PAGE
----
The GIRARE Project
Sex is a primary formal and informal organisational principle in most, if not all, societies. Because sex is typically regarded as binary (i.e., male or female), those who do not fit these strict boxes are often excluded or marginalised. This may range from cis* individuals (i.e., those whose sex assigned at birth matches their gender identity) who step outside their prescribed gender roles to trans* and intersex* individuals who may be confronted with the restrictions of this binary conception on a daily basis. Sexual orientation intersects with sex as well, for institutions and social and cultural practices based on a binary perception of sex also affect people who do not (entirely) conform to heterosexual standards. These forms of exclusion may significantly affect people’s well-being, their standard of living and, more generally, their ability to enjoy human rights.
The institutionalisation of sex is also reflected by the fact that sex is systematically registered by nation-states and by non-state actors. However, both administrative registration practices and biological and legal understandings of sex as binary are currently subject to debate. In many contexts, LGBTI organisations have initiated this debate, often drawing upon human rights standards.
GIRARE (Gender Identity Registration And Human Rights Effects) is a joint research endeavor between the Faculties of the Humanities (Gender Studies) and Law (Utrecht Center for European Research into Family Law & SIM). Our project intends to explore two aspects of the developments described above. One strand of this research focuses on the relation between short- term and long-term changes in sex registration practices and human well-being (humans understood here broadly as encompassing all gender identities, including cis*), while another central focus revolves around the effects of invoking human rights to change the ways in which sex has been institutionalized.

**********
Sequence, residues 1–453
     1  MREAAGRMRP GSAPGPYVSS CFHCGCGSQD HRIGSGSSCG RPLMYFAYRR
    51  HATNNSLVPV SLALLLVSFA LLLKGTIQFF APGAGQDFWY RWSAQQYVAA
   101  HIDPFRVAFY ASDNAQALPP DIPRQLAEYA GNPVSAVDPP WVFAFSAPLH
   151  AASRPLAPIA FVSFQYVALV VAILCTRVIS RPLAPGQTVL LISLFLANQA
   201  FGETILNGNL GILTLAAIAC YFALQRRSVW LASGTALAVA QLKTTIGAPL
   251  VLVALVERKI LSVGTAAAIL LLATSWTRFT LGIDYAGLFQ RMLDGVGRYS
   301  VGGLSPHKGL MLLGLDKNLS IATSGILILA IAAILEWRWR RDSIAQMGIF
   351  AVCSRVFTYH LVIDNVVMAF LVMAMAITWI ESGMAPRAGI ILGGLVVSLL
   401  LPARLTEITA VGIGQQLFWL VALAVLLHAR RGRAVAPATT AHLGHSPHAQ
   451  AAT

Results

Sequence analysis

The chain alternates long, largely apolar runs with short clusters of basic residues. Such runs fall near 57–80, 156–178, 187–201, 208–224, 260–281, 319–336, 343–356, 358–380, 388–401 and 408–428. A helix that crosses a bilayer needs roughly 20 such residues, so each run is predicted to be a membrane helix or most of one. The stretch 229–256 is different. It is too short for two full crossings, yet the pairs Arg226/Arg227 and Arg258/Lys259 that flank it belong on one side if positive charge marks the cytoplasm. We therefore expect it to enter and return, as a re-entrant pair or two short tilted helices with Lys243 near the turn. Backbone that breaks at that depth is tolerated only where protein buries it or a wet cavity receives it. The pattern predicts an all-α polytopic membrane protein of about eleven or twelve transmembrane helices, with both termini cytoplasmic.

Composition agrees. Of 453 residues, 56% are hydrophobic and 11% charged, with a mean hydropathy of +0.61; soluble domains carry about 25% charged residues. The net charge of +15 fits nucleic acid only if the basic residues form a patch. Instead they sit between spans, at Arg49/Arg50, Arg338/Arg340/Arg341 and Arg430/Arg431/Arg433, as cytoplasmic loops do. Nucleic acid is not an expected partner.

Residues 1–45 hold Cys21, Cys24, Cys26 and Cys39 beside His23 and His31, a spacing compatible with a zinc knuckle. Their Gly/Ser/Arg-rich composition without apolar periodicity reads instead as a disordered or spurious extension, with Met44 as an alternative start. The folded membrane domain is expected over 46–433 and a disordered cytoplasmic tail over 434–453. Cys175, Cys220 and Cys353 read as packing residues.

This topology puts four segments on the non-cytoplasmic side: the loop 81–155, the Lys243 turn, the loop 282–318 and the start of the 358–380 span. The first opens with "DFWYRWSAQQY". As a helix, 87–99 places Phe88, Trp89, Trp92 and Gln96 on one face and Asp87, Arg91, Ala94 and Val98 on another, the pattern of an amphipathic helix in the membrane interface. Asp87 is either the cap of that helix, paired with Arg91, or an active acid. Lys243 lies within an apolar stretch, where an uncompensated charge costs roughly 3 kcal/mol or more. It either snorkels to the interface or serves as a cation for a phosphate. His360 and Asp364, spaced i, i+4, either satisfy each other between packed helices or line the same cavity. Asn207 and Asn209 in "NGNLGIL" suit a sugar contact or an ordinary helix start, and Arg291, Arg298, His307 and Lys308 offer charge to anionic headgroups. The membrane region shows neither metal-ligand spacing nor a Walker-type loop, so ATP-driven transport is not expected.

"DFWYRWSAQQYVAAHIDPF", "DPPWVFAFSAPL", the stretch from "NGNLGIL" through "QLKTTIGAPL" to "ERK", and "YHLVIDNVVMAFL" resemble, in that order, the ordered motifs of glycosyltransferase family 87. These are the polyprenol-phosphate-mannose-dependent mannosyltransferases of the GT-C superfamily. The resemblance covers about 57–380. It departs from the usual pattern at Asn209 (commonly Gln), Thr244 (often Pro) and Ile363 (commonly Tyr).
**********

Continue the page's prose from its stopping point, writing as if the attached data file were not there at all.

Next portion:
Central to our project is also an analysis of the tensions and interactions between legal and cultural notions of citizenship. We examine how human rights-based approaches to questions of exclusion may complicate citizenship norms, particularly as they intersect with sex/gender. One might ask, for example, what it means to be a ‘citizen’ for those who do not fit into clear categories like ‘man’ and ‘woman’, categories upon with many nation-states rely; and vice versa, one might ask what happens if states begin to accommodate such ‘misfitting’ individual gender identities. More generally, one may wonder why the attribution of citizenship not only depends on individual acceptance of a sex, but also includes the requirement to live and express oneself in accordance with the expectations implied by that label.